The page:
Unprecedented upheaval has reshaped the economic landscape in ways that may prove permanent. Through it all, however, the advisory business has continued to grow.
Aggregated data from our full 2021 Report Card series — encompassing the brokerage sector, the fund dealer segment, retail branch-based bank advisors and insurance advisors — show the investment business has been able to generate robust asset growth, and that advisors themselves have prospered. This growth occurred amid an ongoing pandemic, a relentless push for innovation in the sector and a fundamental regulatory shake-up.
Despite these disruptive forces, the average advisor’s assets under management (AUM) for this year’s total Report Card series sat at $137.3 million. That’s up more than 25% from the $109.5 million average recorded back in 2019, the last time Investment Executive completed all four surveys that cover each of the major industry sectors.
Over the same two-year period, average client household numbers have edged lower. In 2019, the average Report Card advisor dealt with 278.8 households. This year, that’s down to 237.8. This drop in the average number of households being served, when combined with the surge in assets, implies that average productivity rose over the past couple of years as well.
Different segments of the industry drove these trends.
For example, while the brokerage sector continued to boast the highest average AUM of the four parts of the business we survey ($209.7 million in the 2021 research), it didn’t drive the growth in average assets. In fact, the brokerage sector’s growth rate over the past two years was below the industry average.
Industry segments that began with smaller average asset bases grew faster. Notably, the fund dealer segment outpaced the brokerage space in average asset growth over the past two years. Back in 2019, fund dealer advisors reported average AUM of $48.6 million. This year, that figure jumped more than 33% to $66.3 million.
The insurance segment grew even more rapidly, with average AUM surging from $41.9 million in 2019 to $68.4 million this year. However, this outsized growth should be taken with a grain of salt, as it reflects only the relatively small segment of advisors who operate significant investment books alongside their core insurance business. That caveat aside, the growth in assets over the past couple of years has generally been stronger among industry segments with smaller initial books.
While asset growth was somewhat slower for the brokerage space, it was non-existent for the retail-bank branch advisors and planners in our survey (which had the second-largest average AUM for 2021). Average AUM in that segment was essentially unchanged from 2019 to 2021, at $121.1 million.
Where the retail-bank respondents led the way was in culling their client households. In 2019, the average bank advisor in our research served 262.9 households. This year, that number was down to 242.9.
At the same time, client households were unchanged in the brokerage space (at an average of 193 both years), and barely changed among the fund dealer advisors (down to 205.6 this year from 208.2 in 2019). The insurance advisors in our survey joined the banks in trimming their client households, to 498.6 this year from an industry high of 522.4 in 2019. While the insurance advisors’ household numbers fell, the pace of change was notably slower than it was at the banks.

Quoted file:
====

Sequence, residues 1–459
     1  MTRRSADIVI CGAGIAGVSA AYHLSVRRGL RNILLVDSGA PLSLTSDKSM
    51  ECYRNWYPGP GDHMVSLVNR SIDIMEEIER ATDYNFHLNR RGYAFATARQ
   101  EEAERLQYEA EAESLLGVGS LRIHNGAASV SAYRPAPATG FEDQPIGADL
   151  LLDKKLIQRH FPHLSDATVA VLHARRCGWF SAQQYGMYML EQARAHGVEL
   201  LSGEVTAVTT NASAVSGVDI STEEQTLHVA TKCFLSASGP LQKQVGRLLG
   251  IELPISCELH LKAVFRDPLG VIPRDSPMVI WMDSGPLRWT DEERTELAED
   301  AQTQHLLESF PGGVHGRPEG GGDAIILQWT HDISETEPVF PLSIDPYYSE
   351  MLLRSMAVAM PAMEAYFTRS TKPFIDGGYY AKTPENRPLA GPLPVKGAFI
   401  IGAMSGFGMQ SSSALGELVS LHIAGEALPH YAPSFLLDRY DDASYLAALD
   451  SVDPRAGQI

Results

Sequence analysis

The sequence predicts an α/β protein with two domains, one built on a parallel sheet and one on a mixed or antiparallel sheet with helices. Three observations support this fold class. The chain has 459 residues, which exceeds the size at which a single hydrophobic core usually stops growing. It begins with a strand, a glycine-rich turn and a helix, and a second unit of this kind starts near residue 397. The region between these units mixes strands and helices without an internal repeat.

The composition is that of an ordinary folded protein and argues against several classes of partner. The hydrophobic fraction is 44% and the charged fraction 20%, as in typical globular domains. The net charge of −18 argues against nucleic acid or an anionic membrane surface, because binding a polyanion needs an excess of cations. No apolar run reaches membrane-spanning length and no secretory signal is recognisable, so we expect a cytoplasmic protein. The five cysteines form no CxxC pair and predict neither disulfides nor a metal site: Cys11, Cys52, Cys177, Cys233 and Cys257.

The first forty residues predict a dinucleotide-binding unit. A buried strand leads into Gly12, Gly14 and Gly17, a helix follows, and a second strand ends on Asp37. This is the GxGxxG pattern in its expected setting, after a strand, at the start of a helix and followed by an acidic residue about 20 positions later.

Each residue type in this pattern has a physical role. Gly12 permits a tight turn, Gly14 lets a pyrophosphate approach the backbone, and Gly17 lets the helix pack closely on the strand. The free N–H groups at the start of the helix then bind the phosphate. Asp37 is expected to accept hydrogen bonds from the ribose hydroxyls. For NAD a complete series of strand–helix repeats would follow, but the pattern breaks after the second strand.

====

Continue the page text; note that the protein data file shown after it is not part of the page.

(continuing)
The data also indicated personnel turnover during the past couple of years — likely through a combination of older advisors retiring and younger ones entering the business.
The average age reported in our surveys edged up only slightly, from 49.4 in 2019 to 50.1 for 2021 — an increase of only about half a year in average age over a span of two years.
This slight increase was matched by similarly modest increases in respondents’ time in the industry and their reported tenure with their current firms. Back in 2019, the average advisor in our surveys had been in the business for more than 20 years and with the same firm for almost 12. In this year’s surveys, those numbers increased moderately, to 21.8 years in the industry and 12.7 years at the same firm — also less than the expected two years.
Alongside the industry’s shifting demographics, the data also indicated that the rise in average AUM over the past couple of years is flowing through to advisors themselves, generating increased compensation.
For example, the proportion of advisors earning less than $100,000 per year dropped to 13.3% this year from 17.1% in 2019. The biggest decline was among the bank advisors, who used to have the largest share of advisors in the sub-$100,000 category, at 29.3% in 2019; in 2021 that was down to 22.6%.
Many of the industry’s lower-earning advisors appear to have climbed up to the $100,000–$500,000 range. This year, 58.2% of the advisors in our surveys reported that their pay now falls within this range, up from 55.6% two years ago.
The share of advisors in the top income bracket has grown too. This year, 11.3% of the advisors in our surveys reported earning more than $1 million per year, up from 9.8% in 2019. However, all of this growth is coming from the brokerage sector, where almost one-quarter of the advisor population said they made more than $1 million per year, up from about one-fifth in 2019.
In each of the other three sectors of the industry, the share of advisors at the very top end of the pay scale either declined over the past couple of years (among fund dealer advisors and insurance advisors), or remained non-existent (advisors and planners from retail banks).
Despite differences among the four segments’ measures, advisors have made gains over the past two years — even amid the turmoil and disruption facing the economy and financial industry.
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